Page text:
12 December 1947

Boeing XB-47 Stratojet rollout. (Boeing)

12 December 1947: The Boeing XB-47 Stratojet was rolled out of its hangar for public display.

The Arizona Republic reported:

Boeing’s New Jet Bomber Is The Size of Superfort

     SEATTLE, Sept. 13—(AP) A new jet-propelled bomber, the size of a B-29 Superfortress and with sharply sweptback wings and tail surfaces will begin ground and taxiing tests soon.

     Whether the new Boeing XB-47 Stratojet, rolled out of its construction hangar for the first public display yesterday will near or attain speeds of jet fighter planes remains undisclosed. The army air forces and Boeing, showing the plane, made no mention of its expected speed, but streamlining was carried to the extreme.

     The sharply turned-back or inverted wings and tail surfaces appeared to be notable innovations in plane design. Four general Electric-built jet engines are mounted in pairs under the inboard sections of the wing, with another out near each wing tip.

     The wings are also “exceptionally thin,” a Boeing spokesman said, and the plane has a tandem type landing gear with small outrigger wheels. What was also described as 18 jet-assisted takeoff units studded the rear fuselage for added power. There was only one bomb bay, compared with the two on a B-29, but it was longer than those on a Superfortress.

     Compared with the B-29’s wing span of 141 feet and length of 99 feet, the XB-47’s wing span is approximately 116 feet and its length about 108 feet.

     Robert Robbins and Scott Osler, chosen as the plane’s test pilots a year ago, said it would be probably a month or more before it could take to the air. They said its initial flights would be “admittedly hazardous” but believe it will be an “outstanding airplane.”

     Blueprints used in planning the ship provides for two rocket motors near the tail, to be used for emergency bursts of power, experts said. It would be the first combat-type aircraft with such equipment.

     The Boeing company has turned out three other new-type planes this year. They were the new B-50, the successor to the Superfortress, the first 80-passenger Stratocruiser and the XL-15 Liaison plane, being built at the Wichita, Kan., plant.

     Several other jet bombers are under experiment for the army and the Consolidated Vultee XB-46, powered with four engine, and the North American XB-45, also a four-engine plane, have undergone trial flights.

The Arizona Republic, Vol. 58, No. 116, 14 September 1947, Page 12, Columns 1–3

Boeing XB-47 Stratojet -065. (U.S. Air Force) 061024-F-1234S-004

The first prototype, 46-065, was powered by six General Electric J35-GE-7 axial flow turbojet engines in four pods mounted on pylons below the wings. The J35 was a single-spool, axial-flow turbojet engine with an 11-stage compressor and single-stage turbine. The J35-GE-7 was rated at 3,750 pounds of thrust (16.68 kilonewtons) at 7,700 r.p.m. (static thrust, Sea Level). The engine was 14 feet, 0.0 inches (4.267 meters) long, 3 feet, 4.0 inches (1.016 meters) in diameter and weighed 2,400 pounds (1,089 kilograms). (The second prototype, 46-066, was completed with J47 engines. 46-065 was later retrofitted with these engines.)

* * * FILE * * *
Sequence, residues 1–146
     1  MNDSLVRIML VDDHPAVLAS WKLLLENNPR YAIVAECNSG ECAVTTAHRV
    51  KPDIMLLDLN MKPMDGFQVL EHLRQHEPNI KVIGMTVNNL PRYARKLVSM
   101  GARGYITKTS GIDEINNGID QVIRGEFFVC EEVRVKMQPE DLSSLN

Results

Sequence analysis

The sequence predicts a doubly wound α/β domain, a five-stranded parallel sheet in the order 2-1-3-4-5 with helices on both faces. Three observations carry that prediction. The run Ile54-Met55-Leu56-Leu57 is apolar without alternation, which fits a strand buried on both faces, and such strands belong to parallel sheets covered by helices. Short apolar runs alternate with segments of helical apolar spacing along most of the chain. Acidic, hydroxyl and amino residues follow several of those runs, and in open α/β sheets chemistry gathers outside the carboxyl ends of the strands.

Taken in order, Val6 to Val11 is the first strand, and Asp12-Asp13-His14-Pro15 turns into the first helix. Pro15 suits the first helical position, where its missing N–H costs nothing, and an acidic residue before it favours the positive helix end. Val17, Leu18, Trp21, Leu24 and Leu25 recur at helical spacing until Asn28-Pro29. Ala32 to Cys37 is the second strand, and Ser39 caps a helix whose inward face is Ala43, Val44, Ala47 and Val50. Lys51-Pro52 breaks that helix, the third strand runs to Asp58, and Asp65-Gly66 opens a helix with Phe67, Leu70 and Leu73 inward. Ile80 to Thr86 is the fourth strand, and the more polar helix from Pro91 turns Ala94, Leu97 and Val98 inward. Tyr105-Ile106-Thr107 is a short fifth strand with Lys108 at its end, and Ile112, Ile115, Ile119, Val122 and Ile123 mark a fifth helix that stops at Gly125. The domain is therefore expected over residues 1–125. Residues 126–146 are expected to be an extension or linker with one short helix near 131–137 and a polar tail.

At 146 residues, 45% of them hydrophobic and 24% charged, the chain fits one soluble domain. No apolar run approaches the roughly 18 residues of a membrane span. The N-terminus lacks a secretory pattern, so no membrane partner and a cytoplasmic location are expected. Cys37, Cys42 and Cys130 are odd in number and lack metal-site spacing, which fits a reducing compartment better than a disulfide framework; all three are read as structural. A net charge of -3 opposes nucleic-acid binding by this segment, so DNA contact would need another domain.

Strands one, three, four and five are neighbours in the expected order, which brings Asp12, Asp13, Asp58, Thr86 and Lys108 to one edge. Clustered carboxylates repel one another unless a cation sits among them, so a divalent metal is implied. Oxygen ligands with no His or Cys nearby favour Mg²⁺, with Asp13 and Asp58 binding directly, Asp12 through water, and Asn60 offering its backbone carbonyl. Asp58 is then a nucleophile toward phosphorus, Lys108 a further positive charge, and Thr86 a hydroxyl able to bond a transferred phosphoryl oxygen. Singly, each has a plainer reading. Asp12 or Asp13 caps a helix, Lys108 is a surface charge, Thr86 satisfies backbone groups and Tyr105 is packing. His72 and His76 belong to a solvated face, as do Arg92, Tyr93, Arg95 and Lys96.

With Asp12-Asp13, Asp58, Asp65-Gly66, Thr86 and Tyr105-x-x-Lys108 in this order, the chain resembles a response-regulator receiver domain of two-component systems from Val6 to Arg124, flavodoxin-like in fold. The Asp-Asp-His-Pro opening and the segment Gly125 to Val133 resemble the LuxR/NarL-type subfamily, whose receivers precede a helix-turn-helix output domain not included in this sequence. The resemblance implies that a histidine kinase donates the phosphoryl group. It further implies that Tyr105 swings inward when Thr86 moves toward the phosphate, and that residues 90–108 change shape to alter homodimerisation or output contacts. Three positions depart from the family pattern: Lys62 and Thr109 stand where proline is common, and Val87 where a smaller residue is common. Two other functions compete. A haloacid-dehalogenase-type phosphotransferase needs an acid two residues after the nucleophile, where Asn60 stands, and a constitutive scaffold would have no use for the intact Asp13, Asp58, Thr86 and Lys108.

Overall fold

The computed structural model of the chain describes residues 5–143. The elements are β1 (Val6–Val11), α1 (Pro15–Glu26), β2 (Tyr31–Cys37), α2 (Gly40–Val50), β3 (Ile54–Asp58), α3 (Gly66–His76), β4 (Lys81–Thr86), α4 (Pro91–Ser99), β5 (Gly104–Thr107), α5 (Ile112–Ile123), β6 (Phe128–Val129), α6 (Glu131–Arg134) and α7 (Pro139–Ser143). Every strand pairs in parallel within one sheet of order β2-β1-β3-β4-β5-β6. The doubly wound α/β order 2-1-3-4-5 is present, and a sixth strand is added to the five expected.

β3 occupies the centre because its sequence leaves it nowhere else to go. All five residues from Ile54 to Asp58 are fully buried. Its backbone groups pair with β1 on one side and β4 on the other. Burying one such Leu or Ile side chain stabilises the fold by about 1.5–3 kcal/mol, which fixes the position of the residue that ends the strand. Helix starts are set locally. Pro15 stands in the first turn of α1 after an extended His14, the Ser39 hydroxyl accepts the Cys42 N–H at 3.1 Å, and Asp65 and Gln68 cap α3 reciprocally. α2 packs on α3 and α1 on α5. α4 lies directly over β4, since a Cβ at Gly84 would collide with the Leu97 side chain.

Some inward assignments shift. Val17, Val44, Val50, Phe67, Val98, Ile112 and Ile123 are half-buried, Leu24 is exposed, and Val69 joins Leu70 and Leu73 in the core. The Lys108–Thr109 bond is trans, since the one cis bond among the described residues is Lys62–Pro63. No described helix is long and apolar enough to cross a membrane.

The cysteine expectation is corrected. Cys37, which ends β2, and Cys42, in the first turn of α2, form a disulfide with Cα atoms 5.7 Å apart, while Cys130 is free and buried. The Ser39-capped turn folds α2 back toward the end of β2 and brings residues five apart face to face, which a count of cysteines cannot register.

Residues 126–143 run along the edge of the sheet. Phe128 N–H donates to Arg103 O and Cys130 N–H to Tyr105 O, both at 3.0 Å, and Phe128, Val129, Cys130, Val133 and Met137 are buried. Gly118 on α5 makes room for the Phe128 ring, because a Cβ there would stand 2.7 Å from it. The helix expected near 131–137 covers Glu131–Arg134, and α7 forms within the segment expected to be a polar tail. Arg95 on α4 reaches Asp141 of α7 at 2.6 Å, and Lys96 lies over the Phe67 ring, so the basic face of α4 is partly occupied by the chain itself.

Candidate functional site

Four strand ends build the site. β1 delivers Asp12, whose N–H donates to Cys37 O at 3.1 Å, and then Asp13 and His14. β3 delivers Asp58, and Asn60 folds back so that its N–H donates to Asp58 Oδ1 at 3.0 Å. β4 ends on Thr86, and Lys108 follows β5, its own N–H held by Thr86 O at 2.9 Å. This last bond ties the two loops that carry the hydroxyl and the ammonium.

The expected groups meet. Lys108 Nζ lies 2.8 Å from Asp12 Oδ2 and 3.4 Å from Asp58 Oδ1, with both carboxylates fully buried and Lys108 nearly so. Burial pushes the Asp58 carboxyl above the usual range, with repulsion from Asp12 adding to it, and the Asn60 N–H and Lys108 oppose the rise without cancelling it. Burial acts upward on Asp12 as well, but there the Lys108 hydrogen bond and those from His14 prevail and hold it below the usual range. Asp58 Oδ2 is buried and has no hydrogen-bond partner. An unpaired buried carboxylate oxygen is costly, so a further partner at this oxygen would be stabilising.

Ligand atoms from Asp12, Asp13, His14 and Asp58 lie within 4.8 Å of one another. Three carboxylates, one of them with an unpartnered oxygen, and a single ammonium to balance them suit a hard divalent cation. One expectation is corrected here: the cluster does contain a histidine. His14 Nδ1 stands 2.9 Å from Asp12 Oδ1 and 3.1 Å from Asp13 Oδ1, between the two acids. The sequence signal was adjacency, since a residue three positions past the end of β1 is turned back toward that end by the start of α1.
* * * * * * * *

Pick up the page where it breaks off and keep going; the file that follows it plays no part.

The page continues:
The XB-47 prototype had a maximum speed of 502 knots (578 miles per hour/930 kilometers per hour/0.80 Mach) at 15,000 feet (4,572 meters). The combat speed was 462 knots (532 miles per hour/856 kilometers per hour/0.70 Mach) at 35,000 feet (10,668 meters). The prototype’s empty weight was 74,623 pounds (33,848 kilograms), while its maximum takeoff weight was 162,500 pounds (73,709 kilograms). It required a ground run of 11,900 feet (3,627 meters), or 4,800 feet (1,463 meters) with JATO assist. The bomber could climb at a rate of 3,650 feet per minute (18.5 meters per second) at Sea Level, at combat weight and maximum power. The service ceiling was 37,500 feet (11,430 meters). The XB-47 carried 9,957 gallons (37,691 liters) of fuel. The combat radius was 1,175 nautical miles (1,352 statute miles/2,176 kilometers) with a 10,000 pound (4,536 kilogram) bomb load.

Planned armament (though the XB-47s were delivered without it) consisted of two .50-caliber machine guns in a tail turret, with 1,200 rounds of ammunition, and 10,000 pounds (4,536 kilograms) of bombs.

Boeing XB-47 Stratojet 46-065, the first of two prototypes, on the ramp at Boeing Field, Seattle, 1 December 1947. (U.S. Air Force)

The Stratojet was one of the most influential aircraft designs of all time and its legacy can be seen in almost every jet airliner built since the 1950s: the swept wing with engines suspended on pylons, mounted forward of the leading edge.

2,032 B-47s were built by Boeing Wichita, Douglas Tulsa and Lockheed Marietta. They served the United States Air Force from 1951 to 1977.

The very last B-47 flight took place 18 June 1986 when B-47E-25-DT, serial number 52-166, was flown from the Naval Air Weapons Center China Lake to Castle Air Force Base to be placed on static display.

XB-47 45-065 stalled while landing at Larson Air Force Base, near Moses Lake, Washington, 18 August 1951. The crew of three escaped uninjured. The airplane was damaged beyond repair. The second prototype, XB-47 46-066, is in the collection of the Air Force Flight Test Museum, Edwards Air Force Base, California.

Boeing XB-47 Stratojet 46-065. (U.S. Air Force)

© 2023, Bryan R. Swopes

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About Bryan Swopes

Bryan R. Swopes grew up in Southern California in the 1950s–60s, near the center of America's aerospace industry. He has had a life-long interest in aviation and space flight. Bryan is a retired commercial helicopter pilot and flight instructor.